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Nonlinear reduction in risk for colorectal cancer by fruit and vegetable intake based on meta-analysis of prospective studies.

Abstract

BACKGROUND & AIMS

The association between fruit and vegetable intake and colorectal cancer risk has been investigated by many studies but is controversial because of inconsistent results and weak observed associations. We summarized the evidence from cohort studies in categorical, linear, and nonlinear, dose-response meta-analyses.

METHODS

We searched PubMed for studies of fruit and vegetable intake and colorectal cancer risk that were published until the end of May 2010. We included 19 prospective studies that reported relative risk estimates and 95% confidence intervals (CIs) of colorectal cancer-associated with fruit and vegetable intake. Random effects models were used to estimate summary relative risks.

RESULTS

The summary relative risk for the highest vs the lowest intake was 0.92 (95% CI: 0.86-0.99) for fruit and vegetables combined, 0.90 (95% CI: 0.83-0.98) for fruit, and 0.91 (95% CI: 0.86-0.96) for vegetables (P for heterogeneity=.24, .05, and .54, respectively). The inverse associations appeared to be restricted to colon cancer. In linear dose-response analysis, only intake of vegetables was significantly associated with colorectal cancer risk (summary relative risk=0.98; 95% CI: 0.97-0.99), per 100 g/d. However, significant inverse associations emerged in nonlinear models for fruits (Pnonlinearity<.001) and vegetables (Pnonlinearity=.001). The greatest risk reduction was observed when intake increased from very low levels of intake. There was generally little evidence of heterogeneity in the analyses and there was no evidence of small-study bias.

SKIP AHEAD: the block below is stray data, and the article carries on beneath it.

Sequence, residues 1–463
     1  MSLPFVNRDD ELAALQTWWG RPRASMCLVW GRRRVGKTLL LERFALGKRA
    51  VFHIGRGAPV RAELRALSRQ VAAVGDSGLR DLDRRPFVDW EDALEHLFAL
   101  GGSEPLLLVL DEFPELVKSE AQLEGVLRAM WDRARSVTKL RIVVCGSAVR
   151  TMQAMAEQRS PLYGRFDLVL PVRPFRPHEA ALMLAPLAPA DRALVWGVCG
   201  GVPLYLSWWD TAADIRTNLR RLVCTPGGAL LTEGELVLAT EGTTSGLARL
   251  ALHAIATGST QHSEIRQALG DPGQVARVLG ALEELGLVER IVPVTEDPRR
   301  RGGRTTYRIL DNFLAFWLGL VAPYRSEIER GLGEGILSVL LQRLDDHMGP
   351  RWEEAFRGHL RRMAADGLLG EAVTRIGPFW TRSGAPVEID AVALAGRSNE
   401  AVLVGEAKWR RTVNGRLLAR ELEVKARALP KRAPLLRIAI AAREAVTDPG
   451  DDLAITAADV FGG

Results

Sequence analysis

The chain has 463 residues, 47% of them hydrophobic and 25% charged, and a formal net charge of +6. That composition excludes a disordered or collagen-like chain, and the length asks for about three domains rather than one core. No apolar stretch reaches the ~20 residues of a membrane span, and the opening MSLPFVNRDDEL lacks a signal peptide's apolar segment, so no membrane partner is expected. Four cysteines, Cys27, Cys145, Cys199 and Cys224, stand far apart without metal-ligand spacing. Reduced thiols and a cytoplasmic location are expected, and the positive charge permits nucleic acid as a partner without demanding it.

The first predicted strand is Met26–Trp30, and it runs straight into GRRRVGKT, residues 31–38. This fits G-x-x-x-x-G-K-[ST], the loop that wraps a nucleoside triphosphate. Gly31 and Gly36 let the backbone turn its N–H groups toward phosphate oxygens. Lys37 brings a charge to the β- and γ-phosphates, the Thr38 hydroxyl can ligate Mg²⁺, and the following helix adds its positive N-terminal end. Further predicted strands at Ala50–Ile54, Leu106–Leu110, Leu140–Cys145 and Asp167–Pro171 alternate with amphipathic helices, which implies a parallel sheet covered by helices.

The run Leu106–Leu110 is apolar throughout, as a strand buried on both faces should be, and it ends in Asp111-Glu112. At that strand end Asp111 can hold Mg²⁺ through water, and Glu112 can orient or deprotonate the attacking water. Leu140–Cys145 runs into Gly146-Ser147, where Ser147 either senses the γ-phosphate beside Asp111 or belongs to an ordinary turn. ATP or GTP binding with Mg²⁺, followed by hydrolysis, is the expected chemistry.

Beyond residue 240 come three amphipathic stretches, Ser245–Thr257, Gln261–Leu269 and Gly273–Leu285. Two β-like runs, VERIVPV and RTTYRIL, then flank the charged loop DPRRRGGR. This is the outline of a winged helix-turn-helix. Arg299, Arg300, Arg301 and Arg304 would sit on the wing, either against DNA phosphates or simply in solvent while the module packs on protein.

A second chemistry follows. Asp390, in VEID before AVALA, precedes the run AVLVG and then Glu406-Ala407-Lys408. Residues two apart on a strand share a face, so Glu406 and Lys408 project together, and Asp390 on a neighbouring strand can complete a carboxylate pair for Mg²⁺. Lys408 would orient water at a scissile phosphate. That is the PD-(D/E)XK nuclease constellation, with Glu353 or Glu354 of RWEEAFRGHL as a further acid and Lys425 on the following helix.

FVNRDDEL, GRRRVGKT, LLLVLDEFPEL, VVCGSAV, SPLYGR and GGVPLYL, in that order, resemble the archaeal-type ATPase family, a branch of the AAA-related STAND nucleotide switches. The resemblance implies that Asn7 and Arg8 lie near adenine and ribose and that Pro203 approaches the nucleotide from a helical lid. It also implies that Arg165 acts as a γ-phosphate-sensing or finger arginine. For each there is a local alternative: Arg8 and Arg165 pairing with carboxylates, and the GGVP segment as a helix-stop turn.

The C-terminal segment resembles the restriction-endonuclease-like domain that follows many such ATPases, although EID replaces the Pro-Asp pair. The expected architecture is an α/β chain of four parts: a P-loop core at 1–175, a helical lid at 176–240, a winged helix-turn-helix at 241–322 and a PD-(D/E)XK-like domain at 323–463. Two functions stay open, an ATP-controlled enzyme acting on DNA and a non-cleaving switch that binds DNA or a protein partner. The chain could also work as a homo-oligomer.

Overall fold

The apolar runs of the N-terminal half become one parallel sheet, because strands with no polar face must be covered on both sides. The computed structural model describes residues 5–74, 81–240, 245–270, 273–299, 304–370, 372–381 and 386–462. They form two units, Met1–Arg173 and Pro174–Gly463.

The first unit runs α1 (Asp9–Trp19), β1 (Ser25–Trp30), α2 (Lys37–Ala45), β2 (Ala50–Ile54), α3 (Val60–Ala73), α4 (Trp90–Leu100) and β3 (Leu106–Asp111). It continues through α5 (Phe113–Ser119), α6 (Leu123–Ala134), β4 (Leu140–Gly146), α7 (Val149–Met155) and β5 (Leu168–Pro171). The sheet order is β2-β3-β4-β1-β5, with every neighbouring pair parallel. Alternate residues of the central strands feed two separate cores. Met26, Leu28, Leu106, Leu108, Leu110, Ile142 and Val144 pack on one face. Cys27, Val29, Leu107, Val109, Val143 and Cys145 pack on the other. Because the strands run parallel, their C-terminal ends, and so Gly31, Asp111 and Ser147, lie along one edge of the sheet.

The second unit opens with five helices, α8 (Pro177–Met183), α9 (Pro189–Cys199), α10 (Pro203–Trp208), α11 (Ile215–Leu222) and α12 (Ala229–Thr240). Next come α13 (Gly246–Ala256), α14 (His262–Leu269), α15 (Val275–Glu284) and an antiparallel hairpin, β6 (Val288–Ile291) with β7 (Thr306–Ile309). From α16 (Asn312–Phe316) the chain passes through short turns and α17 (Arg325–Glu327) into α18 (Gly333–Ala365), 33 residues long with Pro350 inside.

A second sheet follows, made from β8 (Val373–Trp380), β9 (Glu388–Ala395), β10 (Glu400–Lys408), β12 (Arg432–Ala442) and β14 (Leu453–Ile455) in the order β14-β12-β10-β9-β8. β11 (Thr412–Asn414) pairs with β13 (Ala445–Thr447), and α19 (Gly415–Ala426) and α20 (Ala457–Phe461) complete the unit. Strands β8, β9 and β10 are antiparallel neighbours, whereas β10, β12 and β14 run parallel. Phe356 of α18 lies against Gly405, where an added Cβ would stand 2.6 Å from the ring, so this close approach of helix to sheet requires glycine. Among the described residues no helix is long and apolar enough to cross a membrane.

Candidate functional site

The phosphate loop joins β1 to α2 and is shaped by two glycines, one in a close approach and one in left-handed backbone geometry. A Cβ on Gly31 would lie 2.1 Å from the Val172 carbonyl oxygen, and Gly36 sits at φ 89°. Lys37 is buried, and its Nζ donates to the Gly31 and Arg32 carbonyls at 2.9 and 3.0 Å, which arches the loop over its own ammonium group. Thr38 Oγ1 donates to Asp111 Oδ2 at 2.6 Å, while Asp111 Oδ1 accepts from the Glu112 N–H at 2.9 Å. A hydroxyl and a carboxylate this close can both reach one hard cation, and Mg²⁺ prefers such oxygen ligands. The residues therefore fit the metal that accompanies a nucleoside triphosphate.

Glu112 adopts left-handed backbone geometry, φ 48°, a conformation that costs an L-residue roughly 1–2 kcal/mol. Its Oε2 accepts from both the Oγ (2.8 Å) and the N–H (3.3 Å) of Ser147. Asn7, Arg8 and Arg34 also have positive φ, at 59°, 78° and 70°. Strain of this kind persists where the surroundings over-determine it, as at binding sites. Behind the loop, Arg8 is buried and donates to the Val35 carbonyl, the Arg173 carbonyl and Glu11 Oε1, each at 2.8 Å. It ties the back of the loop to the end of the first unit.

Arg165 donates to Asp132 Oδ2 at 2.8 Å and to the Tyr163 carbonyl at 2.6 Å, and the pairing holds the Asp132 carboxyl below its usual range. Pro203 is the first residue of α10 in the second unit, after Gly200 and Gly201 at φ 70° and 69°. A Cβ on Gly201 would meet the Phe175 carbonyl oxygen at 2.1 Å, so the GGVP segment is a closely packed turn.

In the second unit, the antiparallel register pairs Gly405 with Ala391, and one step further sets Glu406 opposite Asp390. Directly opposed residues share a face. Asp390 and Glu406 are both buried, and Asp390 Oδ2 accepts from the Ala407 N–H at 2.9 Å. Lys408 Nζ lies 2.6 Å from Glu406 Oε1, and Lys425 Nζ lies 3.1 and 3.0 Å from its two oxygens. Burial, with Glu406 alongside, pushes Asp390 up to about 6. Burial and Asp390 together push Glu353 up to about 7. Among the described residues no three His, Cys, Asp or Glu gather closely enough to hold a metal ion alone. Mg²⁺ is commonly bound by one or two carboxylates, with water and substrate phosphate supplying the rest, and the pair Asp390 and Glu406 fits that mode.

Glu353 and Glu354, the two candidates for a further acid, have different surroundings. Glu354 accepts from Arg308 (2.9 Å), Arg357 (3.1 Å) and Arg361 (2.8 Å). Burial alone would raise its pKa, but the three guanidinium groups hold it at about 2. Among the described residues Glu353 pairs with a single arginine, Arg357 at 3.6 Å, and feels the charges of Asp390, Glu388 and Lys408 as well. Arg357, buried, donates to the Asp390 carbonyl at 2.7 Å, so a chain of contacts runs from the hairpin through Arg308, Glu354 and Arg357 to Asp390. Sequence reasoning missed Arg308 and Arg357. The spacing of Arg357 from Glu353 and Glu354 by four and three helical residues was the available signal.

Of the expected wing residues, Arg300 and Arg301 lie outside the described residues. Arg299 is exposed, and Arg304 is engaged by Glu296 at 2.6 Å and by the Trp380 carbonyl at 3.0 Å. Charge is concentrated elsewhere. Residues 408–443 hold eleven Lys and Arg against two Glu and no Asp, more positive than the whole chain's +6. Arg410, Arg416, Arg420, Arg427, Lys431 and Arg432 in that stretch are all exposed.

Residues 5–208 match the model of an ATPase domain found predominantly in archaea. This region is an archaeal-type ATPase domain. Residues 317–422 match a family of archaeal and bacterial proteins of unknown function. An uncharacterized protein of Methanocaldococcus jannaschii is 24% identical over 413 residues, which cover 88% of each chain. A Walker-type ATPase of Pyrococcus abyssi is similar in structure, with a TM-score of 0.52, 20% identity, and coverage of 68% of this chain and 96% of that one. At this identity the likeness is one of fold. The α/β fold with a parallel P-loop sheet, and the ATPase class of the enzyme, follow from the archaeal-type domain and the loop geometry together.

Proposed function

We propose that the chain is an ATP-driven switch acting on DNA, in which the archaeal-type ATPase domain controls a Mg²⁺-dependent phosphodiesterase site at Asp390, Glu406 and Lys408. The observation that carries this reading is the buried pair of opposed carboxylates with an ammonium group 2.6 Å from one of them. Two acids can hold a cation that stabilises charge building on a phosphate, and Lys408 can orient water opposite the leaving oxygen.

CONCLUSIONS

Based on meta-analysis of prospective studies, there is a weak but statistically significant nonlinear inverse association between fruit and vegetable intake and colorectal cancer risk.

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  • Authors+Show Affiliations

    ,

    Department of Epidemiology and Biostatistics, School of Public Health, Imperial College, London, UK. d.aune@imperial.ac.uk

    , , , , ,

    Source

    Gastroenterology 141:1 2011 Jul pg 106-18

    MeSH

    Adolescent
    Adult
    Aged
    Aged, 80 and over
    Colorectal Neoplasms
    Diet
    Evidence-Based Medicine
    Female
    Fruit
    Humans
    Male
    Middle Aged
    Nonlinear Dynamics
    Prospective Studies
    Risk Assessment
    Risk Factors
    Vegetables
    Young Adult

    Pub Type(s)

    Journal Article
    Meta-Analysis
    Research Support, Non-U.S. Gov't
    Review
    Video-Audio Media

    Language

    eng

    PubMed ID

    21600207

    Citation

    Aune, Dagfinn, et al. "Nonlinear Reduction in Risk for Colorectal Cancer By Fruit and Vegetable Intake Based On Meta-analysis of Prospective Studies." Gastroenterology, vol. 141, no. 1, 2011, pp. 106-18.
    Aune D, Lau R, Chan DS, et al. Nonlinear reduction in risk for colorectal cancer by fruit and vegetable intake based on meta-analysis of prospective studies. Gastroenterology. 2011;141(1):106-18.